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Weighing Evidence in the Absence of a Gold Standard Phil Long Genome Institute of Singapore (joint work with K.R.K. “Krish” Murthy, Vinsensius Vega, Nir Friedman and Edison Liu.)

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Problem: Ortholog mapping Pair genes in one organism with their equivalent counterparts in another Useful for supporting medical research using animal models

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A little molecular biology DNA has nucleotides (A, C, T and G) arranged linearly along chromosomes Regions of DNA, called genes, encode proteins Proteins biochemical workhorses Proteins made up of amino acids also strung together linearly fold up to form 3D structure

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Mutations and evolution Speciation often roughly as follows: one species separated into two populations separate populations’ genomes drift apart through mutation important parts (e.g. genes) drift less Orthologs have common evolutionary ancestor Genes sometimes copied original retains function copy drifts or dies out Both fine-grained and coarse-grained mutations

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Evidence of orthology (protein) sequence similarity comparison with third organism conservation of synteny......

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Conserved synteny Neighbor relationships often preserved Consequently, similarity among their neighbors evidence that a pair of genes are orthologs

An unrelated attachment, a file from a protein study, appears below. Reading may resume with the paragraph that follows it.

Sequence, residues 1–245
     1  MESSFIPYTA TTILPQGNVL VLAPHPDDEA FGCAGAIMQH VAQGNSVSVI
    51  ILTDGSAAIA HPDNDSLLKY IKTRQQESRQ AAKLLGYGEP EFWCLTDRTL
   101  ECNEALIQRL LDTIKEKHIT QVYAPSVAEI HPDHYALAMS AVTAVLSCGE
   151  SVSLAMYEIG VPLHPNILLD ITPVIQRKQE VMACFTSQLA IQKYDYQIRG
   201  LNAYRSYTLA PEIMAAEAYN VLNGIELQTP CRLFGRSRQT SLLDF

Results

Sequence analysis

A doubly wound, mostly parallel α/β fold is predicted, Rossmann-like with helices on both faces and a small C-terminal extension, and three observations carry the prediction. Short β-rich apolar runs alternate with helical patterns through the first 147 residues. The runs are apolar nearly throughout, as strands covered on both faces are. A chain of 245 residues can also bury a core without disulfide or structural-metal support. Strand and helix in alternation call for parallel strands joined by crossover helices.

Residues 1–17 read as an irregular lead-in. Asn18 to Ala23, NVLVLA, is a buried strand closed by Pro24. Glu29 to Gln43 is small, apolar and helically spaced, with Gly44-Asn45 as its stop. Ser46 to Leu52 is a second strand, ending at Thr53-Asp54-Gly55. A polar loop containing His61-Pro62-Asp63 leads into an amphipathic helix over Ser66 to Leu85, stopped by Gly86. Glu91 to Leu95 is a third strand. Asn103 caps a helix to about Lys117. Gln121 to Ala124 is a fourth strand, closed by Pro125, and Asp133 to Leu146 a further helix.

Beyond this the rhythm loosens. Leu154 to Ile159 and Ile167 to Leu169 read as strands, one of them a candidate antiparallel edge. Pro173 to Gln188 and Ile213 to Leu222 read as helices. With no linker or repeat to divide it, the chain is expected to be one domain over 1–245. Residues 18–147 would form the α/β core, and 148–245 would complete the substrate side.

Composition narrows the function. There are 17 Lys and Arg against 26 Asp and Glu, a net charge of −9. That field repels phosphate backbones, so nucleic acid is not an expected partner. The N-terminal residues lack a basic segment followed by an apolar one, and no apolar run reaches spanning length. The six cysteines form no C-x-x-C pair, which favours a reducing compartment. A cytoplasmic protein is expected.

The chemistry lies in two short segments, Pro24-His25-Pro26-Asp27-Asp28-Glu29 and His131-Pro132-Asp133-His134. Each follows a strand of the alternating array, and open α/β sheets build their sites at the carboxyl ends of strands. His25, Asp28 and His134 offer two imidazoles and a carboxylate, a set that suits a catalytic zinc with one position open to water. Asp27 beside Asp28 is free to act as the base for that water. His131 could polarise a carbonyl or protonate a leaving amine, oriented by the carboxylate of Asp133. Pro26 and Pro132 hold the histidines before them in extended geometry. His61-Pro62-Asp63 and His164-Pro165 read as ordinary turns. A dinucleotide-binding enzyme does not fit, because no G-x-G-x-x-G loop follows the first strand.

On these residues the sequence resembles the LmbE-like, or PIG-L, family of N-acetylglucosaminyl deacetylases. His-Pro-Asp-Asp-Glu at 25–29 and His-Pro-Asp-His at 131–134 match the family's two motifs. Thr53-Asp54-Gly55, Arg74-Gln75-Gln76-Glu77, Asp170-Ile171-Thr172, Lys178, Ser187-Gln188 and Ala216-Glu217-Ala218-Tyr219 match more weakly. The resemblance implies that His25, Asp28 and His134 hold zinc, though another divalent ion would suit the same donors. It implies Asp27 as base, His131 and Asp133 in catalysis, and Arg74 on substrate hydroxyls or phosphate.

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Plan Identify numerical features corresponding to sequence similarity common similarity to third organism conservation of synteny “Learn” mapping from feature values to prediction

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Problem – no “gold standard” for mouse-human orthology, Jackson database reasonable for human-zebrafish? human-pombe?

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Another “no gold standard” problem: protein-protein interactions Sources of evidence: Yeast two-hybrid Rosetta Stone Phage display All yield errors......

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Related Theoretical Work [MV95] – Problem Goal: given m training examples generated as below output accurate classifier h Training example generation: All variables {0,1}-valued Y chosen randomly, fixed X 1,...,X n chosen independently with Pr(X i = Y) = p i, where p i is unknown, same when Y is 0 or 1 (crucial for analysis) only X 1,...,X n given to training algorithm

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Related Theoretical Work [MV95] – Results If n ≥ 3, can approach Bayes error (best possible for source) as m gets large Idea: variable “good” if often agrees with others can e.g. solve for Pr(X 1 = Y) as function of Pr(X 1 = X 2 ), Pr(X 1 = X 3 ), and Pr(X 2 = X 3 ) can estimate Pr(X 1 = X 2 ), Pr(X 1 = X 3 ), and Pr(X 2 = X 3 ) from the training data can plug in to get estimates of Pr(X 1 = Y),...,Pr(X n = Y) can use resulting estimates of Pr(X 1 = Y),...,Pr(X n = Y) to approximate optimal classifier for source

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In our problem(s)... Pr(Y = 1) small X 1,...,X n continuous-valued Reasonable to assume X 1,...,X n conditionally independent given Y Reasonable to assume Pr(Y = 1 | X i = x) increasing in x, for all i Sufficient to sort training examples in order of associated conditional probabilities that Y = 1